Japan Cabinet Panel Urges Ending Use of Nuke Power

A Japanese Cabinet panel called Friday for phasing out of nuclear power over the next three decades in a major shift for Japan as it overhauls energy policy following the Fukushima meltdowns.

TOKYO (AP) — A Japanese Cabinet panel called Friday for phasing out of nuclear power over the next three decades in a major shift for Japan as it overhauls energy policy following the Fukushima meltdowns.

Adopting the proposals would be a break with Japan's decades-long advocacy of nuclear power. The new energy policy faces opposition from powerful business interests but phasing out nuclear power is popular with the public. It calls for greater reliance on renewable energy, more conservation and sustainable use of fossil fuels and would see Japan joining Germany in turning its back on nuclear energy.

The new policy requires endorsement by the entire Cabinet. Japanese news reports say the Cabinet has already agreed to the changes.

Japan began reviewing its energy policy following last year's disaster at the Fukushima Dai-ichi nuclear power plant, which was set off by a massive earthquake and tsunami. Before the accident, the resource-poor country relied on nuclear power for one-third of its energy and had planned to raise that to 50 percent by 2030.

"Based on facing the reality of this grave accident and by learning lessons from the accident, the government has decided to review the national energy strategy from scratch," said the policy document. "One of the key pillars of the new strategy is to achieve a society that does not depend on nuclear energy as soon as possible," it said.

Growing anti-nuclear sentiment and mass protests made it difficult for the government and plant operators to restart reactors idled for inspections, and by early May all 50 Japanese reactors had gone offline. Imports of oil and gas for electricity generation have surged as a result and Japan's trade balance has swung into deficit.

Officials acknowledge many questions remain unanswered, among them how to pay for the costly expansion of renewable energy and how to minimize the environmental impact of a return to heavier use of natural gas and other fossil fuels.

The phase-out of nuclear power by the 2030s is to be achieved mainly by retiring aging reactors and not replacing them.

The proposed new policy calls for adhering to a 40-year life span for each reactor and for building no more new reactors. It leaves open the possibility of restarting reactors before they are eventually phased out, but only if they have passed strict safety tests and won approval by a newly formed regulatory commission.

"We will launch all possible policy measures to achieve a nuclear-free society by the 2030s," it said. "Until the total phase-out we will only use nuclear reactors that are confirmed safe."

The new policy delays a decision on spent fuel processing and radioactive waste disposal, leaving open the questions of how Japan will handle its spent nuclear fuel and avoid accumulating stockpiles of plutonium.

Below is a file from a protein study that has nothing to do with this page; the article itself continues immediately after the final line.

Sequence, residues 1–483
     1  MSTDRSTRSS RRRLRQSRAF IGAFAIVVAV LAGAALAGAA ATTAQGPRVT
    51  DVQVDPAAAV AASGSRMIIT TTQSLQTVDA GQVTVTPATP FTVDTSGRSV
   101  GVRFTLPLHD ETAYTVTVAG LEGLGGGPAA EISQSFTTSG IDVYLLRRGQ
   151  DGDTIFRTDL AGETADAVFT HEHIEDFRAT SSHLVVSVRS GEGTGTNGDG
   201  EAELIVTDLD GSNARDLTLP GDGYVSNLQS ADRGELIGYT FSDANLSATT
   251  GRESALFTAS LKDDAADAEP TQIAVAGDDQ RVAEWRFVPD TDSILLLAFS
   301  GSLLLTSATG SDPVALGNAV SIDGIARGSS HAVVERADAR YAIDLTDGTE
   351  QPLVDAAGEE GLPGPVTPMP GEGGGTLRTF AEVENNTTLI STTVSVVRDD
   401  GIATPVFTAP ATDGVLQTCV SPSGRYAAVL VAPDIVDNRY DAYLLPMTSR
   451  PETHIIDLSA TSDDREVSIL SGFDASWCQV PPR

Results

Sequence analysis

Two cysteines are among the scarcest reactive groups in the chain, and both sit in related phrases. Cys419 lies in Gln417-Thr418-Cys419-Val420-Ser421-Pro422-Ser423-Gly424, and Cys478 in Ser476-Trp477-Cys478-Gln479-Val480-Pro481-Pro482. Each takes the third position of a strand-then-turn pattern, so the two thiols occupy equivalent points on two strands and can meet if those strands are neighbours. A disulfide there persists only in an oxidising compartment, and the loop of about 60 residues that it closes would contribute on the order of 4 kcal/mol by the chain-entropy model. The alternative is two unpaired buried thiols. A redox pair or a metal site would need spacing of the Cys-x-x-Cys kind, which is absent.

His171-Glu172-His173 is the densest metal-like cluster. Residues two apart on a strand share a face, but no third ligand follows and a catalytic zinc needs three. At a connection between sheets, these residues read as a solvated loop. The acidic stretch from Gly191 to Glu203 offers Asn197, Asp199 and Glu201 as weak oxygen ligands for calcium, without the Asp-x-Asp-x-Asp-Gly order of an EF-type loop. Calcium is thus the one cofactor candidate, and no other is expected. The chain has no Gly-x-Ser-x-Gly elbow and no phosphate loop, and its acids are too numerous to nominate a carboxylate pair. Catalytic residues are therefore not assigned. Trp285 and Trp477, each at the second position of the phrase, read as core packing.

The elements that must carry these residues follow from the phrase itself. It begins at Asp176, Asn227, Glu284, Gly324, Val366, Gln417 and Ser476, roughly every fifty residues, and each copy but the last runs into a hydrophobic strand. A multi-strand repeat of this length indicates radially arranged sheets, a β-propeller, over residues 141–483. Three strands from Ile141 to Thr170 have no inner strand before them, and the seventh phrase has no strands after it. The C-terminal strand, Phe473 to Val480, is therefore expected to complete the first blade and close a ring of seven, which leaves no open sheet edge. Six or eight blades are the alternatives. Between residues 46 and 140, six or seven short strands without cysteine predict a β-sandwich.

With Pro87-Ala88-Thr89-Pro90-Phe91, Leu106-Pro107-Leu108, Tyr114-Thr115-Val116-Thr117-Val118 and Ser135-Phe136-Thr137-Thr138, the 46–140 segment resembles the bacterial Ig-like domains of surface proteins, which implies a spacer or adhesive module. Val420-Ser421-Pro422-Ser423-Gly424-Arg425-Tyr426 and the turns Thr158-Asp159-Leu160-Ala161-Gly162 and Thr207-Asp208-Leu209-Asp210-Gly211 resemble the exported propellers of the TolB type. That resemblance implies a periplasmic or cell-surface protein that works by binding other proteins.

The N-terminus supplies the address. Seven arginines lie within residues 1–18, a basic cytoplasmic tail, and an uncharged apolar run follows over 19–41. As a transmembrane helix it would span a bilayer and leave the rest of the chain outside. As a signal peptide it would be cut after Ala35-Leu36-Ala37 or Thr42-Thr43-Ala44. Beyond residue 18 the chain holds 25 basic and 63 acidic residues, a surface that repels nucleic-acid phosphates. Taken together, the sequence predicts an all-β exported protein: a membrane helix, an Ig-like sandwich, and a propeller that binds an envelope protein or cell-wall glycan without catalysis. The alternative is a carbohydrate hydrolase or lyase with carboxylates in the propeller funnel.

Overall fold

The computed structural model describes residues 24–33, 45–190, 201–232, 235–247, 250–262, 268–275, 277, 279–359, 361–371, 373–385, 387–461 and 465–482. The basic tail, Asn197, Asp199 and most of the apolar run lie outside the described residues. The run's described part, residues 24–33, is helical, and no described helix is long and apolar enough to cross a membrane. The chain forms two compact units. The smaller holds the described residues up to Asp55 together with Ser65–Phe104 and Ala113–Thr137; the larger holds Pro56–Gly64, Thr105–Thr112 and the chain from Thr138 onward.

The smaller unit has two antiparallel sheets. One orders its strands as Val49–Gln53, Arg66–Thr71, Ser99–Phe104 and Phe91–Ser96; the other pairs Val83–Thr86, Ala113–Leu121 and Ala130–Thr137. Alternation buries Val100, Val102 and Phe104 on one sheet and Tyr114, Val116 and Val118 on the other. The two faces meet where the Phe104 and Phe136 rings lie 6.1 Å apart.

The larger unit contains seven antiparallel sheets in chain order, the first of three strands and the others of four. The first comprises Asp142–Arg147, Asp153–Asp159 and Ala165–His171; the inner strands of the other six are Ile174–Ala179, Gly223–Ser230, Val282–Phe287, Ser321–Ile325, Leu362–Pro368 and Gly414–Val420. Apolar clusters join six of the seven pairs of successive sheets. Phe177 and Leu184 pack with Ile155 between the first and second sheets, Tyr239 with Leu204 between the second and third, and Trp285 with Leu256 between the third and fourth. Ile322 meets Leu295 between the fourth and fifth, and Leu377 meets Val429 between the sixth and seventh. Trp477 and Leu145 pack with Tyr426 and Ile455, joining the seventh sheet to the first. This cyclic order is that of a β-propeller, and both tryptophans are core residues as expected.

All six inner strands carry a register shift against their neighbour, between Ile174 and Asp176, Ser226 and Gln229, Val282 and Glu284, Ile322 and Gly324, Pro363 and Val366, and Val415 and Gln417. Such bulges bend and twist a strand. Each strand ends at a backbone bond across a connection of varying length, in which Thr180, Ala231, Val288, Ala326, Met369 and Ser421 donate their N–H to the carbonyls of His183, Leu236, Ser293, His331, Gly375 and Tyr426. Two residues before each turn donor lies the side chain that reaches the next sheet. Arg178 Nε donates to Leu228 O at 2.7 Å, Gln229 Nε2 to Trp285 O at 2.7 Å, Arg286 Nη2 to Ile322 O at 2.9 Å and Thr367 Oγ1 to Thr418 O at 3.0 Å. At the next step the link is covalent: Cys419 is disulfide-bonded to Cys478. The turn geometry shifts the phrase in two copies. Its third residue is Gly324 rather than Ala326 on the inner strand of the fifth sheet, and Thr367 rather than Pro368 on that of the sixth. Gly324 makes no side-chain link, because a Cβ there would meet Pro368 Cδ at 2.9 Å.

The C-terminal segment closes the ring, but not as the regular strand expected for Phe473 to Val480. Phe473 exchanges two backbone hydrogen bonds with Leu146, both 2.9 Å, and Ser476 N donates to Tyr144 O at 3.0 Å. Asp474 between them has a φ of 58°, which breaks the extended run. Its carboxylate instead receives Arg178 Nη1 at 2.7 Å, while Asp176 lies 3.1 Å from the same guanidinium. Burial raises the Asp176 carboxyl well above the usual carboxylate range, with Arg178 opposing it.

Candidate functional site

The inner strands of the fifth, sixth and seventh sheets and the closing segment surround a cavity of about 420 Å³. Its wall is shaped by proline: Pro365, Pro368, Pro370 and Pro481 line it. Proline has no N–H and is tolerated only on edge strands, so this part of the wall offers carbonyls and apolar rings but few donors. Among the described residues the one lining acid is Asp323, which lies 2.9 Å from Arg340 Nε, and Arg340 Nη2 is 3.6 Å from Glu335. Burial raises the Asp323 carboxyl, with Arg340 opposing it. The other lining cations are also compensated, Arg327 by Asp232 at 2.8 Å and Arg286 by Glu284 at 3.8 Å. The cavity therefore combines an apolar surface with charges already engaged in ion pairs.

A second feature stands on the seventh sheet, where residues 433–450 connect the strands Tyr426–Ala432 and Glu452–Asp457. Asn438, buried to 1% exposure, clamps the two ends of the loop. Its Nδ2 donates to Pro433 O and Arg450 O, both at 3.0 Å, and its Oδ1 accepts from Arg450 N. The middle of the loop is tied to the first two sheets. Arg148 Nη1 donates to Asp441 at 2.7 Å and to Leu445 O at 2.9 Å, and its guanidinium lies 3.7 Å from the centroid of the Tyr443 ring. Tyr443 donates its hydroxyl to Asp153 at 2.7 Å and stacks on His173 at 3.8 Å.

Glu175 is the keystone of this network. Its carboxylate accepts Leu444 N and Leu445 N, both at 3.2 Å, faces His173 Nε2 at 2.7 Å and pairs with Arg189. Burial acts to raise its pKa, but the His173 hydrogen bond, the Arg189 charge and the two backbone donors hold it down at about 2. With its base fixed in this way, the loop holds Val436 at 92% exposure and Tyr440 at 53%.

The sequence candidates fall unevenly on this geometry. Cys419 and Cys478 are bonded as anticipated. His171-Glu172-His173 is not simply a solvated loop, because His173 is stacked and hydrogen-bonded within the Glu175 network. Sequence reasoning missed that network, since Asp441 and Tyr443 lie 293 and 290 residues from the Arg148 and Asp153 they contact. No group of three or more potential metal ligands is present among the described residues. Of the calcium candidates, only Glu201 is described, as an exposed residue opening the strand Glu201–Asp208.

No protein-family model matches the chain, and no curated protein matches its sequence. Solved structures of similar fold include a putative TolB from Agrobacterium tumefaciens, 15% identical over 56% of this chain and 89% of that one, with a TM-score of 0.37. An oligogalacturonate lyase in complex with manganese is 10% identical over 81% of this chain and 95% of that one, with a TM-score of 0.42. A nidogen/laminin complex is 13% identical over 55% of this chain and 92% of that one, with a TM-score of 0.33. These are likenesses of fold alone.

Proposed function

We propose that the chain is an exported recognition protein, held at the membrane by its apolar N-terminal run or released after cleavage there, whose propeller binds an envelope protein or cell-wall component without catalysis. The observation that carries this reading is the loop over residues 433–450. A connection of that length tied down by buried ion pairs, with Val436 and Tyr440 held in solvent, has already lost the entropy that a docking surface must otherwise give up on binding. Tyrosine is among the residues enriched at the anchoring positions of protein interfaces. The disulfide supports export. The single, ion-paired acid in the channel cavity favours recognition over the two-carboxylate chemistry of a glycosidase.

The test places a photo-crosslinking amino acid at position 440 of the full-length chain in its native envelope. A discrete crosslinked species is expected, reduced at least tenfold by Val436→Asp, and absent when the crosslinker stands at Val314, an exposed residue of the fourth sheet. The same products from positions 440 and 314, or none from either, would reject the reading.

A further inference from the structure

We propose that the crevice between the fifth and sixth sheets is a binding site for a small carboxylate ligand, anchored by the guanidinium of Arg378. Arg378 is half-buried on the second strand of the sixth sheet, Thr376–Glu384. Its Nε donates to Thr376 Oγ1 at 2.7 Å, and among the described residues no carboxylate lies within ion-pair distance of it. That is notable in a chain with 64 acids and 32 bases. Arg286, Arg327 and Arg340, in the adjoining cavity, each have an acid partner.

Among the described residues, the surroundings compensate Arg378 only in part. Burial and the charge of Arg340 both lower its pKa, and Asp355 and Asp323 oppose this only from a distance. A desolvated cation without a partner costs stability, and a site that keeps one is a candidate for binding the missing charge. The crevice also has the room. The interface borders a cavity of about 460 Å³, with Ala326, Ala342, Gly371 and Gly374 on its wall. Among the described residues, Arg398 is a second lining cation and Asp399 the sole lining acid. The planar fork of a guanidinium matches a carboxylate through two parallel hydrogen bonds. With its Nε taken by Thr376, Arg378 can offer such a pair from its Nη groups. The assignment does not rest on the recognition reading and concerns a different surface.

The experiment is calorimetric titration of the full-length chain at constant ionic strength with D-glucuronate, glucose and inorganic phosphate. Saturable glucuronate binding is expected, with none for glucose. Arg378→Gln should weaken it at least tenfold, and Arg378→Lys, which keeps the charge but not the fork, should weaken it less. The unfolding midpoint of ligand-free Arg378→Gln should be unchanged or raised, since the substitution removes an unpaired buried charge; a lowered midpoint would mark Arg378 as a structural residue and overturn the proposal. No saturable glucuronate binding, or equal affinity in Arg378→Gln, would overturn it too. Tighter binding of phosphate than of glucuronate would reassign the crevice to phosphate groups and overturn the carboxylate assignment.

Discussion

"The road to a nuclear-free society is not easy," it says, forecasting economic growth at a modest rate of 0.8 percent annually under a nuclear-free scenario.

Following Japan's 2011 Fukushima disaster, Germany decided to speed up phasing out its nuclear power plants, shutting them down within a decade and betting on renewable energies instead. Nuclear power had accounted for a little more than 20 percent of Germany's needs but has since fallen well below that level.

Energy experts note that relying more on renewable energy is easier for European countries that can draw on surplus power from neighboring countries when volatile wind and solar power fall short. As an island nation Japan lacks that option.

Still, the new policy calls for Japan to increase use of renewable energy by eight-fold over the 2010 level by 2030.

Prime Minister Yoshihiko Noda allowed two reactors to restart in July to avoid power shortages during the hot summer months. At the time, Noda stressed that the restarts were crucial for Japan's economy and energy needs.

His government faces strong resistance to changes in the nuclear policy from business leaders worried by surging energy costs and from utility operators. Towns hosting the 50 reactors — usually poor, remote fishing villages hungry for subsidies — also have complained of a loss of income and jobs.

The head of Tokyo Electric Power Co., the Japanese utility that owns the tsunami-hit Fukushima nuclear power plant, has said handling last year's meltdowns ate up money the utility might have used to switch to alternative energy.

To encourage investment in and use of green energy, the government has eased restrictions on land use for solar and wind power and relaxed regulations on small hydropower plants and on drilling for geothermal energy in national parks. It also has approved tariffs for producers meant to spur investment by guaranteeing higher returns for renewable than for conventional energy.

But daunting obstacles remain, including a power grid ill-suited to accommodating volatile solar and wind energy and steep upfront costs for building solar or geothermal plants.